Abstract

Although knowledge of Cambrian fossil eggs and/or embryos has increased dramatically, embryos were previously unknown in siliciclastic settings of coeval strata. Here we report for the first time egg clusters in a fine-grained siliciclastic matrix from the Middle Cambrian Kaili Formation lagerstätte (513–501 Ma), south China. Some were imaged under synchrotron radiation. These spheroids are preferentially preserved as microcrystalline quartz and interpreted as marine invertebrate fossil eggs based on patterns of spheroid arrangement, shape, and analogues of fossil and modern invertebrate eggs. Embryos with cleavage cells are evident in at least one cluster. Detailed element analyses show that eggs are primarily preserved as solid silica replacement, and there is a calcite layer covering the eggs replacing the original organic layer. Silicification of intact invertebrate egg clusters is reported here as a new mode of preservation associated with a Burgess Shale–type deposit.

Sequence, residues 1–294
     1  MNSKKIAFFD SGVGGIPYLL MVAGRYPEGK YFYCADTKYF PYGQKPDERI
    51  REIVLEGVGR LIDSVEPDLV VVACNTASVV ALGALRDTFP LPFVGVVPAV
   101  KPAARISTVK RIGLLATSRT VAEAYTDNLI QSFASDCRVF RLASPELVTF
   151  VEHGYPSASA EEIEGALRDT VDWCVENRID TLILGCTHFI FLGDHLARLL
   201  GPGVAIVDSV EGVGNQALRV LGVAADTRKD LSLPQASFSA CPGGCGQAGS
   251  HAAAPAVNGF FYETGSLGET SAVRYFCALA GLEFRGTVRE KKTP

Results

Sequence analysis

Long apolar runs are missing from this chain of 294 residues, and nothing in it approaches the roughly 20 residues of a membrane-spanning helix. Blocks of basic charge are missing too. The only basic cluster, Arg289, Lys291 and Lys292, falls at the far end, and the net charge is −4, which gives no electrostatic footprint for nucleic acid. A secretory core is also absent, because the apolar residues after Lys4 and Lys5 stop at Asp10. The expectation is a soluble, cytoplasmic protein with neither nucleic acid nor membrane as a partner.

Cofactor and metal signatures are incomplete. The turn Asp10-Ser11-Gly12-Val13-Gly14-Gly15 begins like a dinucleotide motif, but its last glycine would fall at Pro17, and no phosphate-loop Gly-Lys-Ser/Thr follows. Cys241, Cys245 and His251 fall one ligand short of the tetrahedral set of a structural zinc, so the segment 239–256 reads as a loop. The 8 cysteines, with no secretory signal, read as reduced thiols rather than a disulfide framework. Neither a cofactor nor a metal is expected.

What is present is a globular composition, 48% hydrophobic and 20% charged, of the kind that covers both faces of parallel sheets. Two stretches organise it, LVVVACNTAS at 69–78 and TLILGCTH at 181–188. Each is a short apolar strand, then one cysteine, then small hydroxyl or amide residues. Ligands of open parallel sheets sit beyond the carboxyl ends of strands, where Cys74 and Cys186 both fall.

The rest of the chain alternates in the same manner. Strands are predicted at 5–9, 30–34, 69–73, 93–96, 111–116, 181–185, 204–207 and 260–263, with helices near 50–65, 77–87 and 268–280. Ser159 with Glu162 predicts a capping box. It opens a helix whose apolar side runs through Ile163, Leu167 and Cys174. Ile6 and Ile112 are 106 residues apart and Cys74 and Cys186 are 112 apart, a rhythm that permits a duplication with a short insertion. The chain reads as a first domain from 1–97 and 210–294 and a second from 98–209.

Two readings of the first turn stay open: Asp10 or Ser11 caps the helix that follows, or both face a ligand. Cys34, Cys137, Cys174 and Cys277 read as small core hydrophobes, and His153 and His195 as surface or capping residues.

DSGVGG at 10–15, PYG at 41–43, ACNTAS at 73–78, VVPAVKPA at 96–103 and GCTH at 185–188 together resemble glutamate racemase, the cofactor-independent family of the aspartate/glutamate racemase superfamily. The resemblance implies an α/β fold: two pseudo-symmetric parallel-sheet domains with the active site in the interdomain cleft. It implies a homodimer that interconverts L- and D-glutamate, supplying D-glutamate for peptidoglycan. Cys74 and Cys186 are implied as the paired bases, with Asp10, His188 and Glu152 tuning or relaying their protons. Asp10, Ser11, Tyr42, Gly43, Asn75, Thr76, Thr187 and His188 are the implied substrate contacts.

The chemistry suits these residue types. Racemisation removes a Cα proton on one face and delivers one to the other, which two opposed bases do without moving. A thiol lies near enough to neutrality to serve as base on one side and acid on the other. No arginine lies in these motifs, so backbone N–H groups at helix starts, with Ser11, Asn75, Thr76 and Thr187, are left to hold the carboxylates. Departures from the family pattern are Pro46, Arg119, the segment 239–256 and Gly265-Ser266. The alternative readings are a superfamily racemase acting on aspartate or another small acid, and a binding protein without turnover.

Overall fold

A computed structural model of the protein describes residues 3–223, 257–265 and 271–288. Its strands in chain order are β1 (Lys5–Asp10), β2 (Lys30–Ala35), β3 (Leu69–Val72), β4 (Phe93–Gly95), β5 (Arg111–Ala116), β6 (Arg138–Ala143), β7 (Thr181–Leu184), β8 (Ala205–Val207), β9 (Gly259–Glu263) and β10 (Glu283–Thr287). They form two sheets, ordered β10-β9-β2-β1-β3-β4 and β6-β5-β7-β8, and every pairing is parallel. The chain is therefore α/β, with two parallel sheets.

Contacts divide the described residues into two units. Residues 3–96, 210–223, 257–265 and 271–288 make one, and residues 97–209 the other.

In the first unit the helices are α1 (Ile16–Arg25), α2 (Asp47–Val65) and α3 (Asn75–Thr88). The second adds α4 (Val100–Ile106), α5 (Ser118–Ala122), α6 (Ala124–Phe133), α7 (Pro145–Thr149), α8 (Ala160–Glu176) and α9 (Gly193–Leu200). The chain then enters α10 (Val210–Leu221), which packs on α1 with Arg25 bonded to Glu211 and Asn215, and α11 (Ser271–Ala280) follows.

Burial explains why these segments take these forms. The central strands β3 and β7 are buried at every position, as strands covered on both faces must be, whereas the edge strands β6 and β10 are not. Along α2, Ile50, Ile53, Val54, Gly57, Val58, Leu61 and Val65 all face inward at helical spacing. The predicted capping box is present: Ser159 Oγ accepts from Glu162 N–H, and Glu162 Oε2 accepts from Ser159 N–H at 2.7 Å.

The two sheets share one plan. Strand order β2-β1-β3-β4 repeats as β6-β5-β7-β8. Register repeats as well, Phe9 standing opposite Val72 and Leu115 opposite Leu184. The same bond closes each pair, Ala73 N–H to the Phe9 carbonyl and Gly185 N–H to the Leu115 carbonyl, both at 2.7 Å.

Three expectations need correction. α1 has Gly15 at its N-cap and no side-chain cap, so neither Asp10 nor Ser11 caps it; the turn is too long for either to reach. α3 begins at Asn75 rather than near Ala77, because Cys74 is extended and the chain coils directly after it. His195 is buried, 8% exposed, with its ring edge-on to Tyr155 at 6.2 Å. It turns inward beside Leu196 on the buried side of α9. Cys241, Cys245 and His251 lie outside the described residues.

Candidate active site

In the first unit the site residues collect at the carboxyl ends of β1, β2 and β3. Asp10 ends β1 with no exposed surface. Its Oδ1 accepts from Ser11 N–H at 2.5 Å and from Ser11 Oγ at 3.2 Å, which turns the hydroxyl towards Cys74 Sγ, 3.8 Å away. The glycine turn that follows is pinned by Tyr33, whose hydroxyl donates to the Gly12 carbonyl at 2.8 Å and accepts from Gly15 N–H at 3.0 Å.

You do not currently have access to this article.